Derrick Posted July 20, 2020 Report Share Posted July 20, 2020 Ecological Research. Angelina Rowell, James Cook University, Cairns. Studied the relationships between Myrmecodia beccarii and Philidris ants in North Queensland mangroves. She reported (pers. comm.) that resident ants actually castrate their home plants by cutting up its flowers and transporting resultant pieces to their nests within tubers. Angelina found more buds and flowers were produced on ant-colonised, thus well-fed plants, so more fruit should develop on them. Yet, there were more fruits on uncolonised specimens, even though their bud and flower numbers were nutritionally constrained through a lack of ant feeding. Therefore, ants must be removing flowers before pollination, resulting inevitably in lower fruit/seed numbers. Furthermore, Angelina found that ants only removed flowers from their host plant, not from nearby uncolonised plants. Angelina’s Anova statistical analysis, showed that there was no significant difference between the fruit number on colonised versus uncolonised plants (i. e. fruit production is equal). Therefore, ants are not increasing home plant reproductive output. To belabor a point, trophic benefits that the plants are getting from their ants is not transferred to greater seed production because of flower castration. There are greater numbers of leaves on colonised plants, which in theory translates to a greater growth rate in the plant tuber and bigger domatia. But this project did not have enough time allocated to measure increase in plant growth. In summary, more buds, flowers and leaves on colonised plants does not result in more fruit and seed production. Angelina also noted on another thread. "We are looking at the spined form that occurs in the Cairns area. It seems that the majority of the flowers that are left on the plants by the ants develop into fruit. Not 100% sure if it is self pollinating - yet .....The ant interactions with this species is very interesting." I have tried to find more information on line but have not been successful. Attn Dr Guillaume Chomicki. This surely is important to the field of mutualisms.? It is very probable that resident ants are deliberately improving the growth rates of home tubers. Photos Angelina Rowell. Quote Link to comment Share on other sites More sharing options...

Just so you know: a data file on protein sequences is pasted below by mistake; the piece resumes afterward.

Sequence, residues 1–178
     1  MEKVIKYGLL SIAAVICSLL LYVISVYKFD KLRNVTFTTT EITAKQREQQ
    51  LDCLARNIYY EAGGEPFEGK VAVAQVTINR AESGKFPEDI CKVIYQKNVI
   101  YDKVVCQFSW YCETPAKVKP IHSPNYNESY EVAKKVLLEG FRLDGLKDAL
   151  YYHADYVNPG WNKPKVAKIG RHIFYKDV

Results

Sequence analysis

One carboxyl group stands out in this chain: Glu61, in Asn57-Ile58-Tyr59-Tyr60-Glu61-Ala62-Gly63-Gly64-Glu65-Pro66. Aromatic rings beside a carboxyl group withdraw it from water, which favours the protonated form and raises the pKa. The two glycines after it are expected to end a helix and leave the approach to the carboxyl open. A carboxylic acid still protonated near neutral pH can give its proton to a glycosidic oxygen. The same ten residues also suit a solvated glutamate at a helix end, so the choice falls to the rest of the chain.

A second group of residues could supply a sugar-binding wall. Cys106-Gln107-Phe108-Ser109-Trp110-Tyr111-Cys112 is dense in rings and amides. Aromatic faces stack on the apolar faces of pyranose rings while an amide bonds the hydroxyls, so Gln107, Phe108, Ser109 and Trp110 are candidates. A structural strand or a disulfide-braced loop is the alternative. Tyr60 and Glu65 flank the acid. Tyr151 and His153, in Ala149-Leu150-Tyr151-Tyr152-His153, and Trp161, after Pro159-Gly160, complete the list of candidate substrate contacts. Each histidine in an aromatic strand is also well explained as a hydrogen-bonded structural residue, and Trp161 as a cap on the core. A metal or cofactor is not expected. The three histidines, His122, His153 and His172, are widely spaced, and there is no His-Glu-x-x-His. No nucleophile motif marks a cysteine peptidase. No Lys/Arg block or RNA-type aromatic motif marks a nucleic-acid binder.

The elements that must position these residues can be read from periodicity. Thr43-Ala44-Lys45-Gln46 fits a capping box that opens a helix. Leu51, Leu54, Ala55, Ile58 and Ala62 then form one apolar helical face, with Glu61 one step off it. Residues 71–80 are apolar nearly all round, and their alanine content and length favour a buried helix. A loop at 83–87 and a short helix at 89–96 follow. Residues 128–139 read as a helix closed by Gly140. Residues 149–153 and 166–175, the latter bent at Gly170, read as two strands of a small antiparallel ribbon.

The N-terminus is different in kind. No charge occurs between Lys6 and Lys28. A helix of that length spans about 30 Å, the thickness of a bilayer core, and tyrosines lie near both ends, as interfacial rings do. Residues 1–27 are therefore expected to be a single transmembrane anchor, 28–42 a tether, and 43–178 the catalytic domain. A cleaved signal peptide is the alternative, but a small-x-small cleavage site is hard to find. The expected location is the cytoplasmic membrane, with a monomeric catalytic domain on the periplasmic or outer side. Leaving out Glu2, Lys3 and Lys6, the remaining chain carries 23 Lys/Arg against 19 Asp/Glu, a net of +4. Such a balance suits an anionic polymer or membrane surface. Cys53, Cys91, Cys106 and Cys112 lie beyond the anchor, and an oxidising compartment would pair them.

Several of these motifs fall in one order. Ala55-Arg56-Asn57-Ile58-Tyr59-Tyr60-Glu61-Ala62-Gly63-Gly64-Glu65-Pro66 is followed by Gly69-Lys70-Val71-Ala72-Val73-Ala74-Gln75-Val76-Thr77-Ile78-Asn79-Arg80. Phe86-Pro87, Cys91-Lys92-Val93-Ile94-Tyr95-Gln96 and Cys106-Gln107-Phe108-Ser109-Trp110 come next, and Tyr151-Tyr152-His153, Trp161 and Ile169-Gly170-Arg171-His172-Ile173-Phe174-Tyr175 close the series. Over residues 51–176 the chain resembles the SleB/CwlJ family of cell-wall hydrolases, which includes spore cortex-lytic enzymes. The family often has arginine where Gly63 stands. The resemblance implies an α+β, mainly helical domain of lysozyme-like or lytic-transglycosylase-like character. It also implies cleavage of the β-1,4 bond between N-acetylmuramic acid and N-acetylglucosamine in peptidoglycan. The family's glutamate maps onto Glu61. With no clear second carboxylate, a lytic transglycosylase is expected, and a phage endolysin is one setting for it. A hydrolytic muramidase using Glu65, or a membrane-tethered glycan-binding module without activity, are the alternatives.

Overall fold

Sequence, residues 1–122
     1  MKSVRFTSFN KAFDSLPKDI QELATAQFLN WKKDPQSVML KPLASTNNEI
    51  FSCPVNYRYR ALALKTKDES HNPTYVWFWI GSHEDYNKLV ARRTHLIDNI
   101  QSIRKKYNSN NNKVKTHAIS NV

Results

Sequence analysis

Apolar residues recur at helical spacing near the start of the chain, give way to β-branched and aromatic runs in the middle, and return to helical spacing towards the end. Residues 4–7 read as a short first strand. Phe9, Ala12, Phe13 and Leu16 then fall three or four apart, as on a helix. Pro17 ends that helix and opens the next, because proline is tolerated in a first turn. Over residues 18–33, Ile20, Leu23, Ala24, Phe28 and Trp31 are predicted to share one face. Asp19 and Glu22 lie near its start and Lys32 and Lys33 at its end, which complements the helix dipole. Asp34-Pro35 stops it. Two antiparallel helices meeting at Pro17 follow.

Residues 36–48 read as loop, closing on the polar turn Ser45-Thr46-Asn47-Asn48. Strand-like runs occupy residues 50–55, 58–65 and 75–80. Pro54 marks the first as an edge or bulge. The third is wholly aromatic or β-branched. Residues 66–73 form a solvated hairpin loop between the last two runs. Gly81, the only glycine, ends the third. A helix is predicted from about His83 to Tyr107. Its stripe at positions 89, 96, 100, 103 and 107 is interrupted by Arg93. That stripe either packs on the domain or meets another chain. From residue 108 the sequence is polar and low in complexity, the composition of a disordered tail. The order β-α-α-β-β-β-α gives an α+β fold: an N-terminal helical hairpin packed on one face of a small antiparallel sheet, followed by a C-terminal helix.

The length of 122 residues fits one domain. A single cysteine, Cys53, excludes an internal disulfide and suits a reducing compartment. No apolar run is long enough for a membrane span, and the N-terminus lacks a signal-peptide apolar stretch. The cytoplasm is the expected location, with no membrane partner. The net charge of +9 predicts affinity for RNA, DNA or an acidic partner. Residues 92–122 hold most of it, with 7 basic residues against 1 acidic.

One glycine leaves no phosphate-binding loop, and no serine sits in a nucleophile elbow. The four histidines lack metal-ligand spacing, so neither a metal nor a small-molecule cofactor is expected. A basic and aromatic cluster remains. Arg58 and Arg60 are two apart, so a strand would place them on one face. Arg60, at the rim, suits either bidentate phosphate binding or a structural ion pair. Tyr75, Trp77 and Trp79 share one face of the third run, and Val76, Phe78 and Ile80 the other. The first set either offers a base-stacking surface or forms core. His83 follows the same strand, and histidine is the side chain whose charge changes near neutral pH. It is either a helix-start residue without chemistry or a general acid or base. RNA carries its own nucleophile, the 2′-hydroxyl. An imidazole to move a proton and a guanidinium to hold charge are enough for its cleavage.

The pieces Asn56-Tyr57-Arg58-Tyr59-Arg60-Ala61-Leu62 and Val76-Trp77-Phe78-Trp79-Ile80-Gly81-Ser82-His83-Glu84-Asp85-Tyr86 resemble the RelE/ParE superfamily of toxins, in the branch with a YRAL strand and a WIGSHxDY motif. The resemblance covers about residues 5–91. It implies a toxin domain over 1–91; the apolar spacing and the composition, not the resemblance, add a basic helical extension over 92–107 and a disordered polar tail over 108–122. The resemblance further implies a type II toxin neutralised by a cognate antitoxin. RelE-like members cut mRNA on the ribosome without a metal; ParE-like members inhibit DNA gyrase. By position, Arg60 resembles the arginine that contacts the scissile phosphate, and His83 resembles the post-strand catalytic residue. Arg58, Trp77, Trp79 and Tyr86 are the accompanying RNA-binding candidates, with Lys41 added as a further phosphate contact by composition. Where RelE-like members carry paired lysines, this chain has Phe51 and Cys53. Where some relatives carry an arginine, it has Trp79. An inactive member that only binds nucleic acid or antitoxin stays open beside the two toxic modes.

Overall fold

Join the conversation
You can post now and register later. If you have an account, sign in now to post with your account.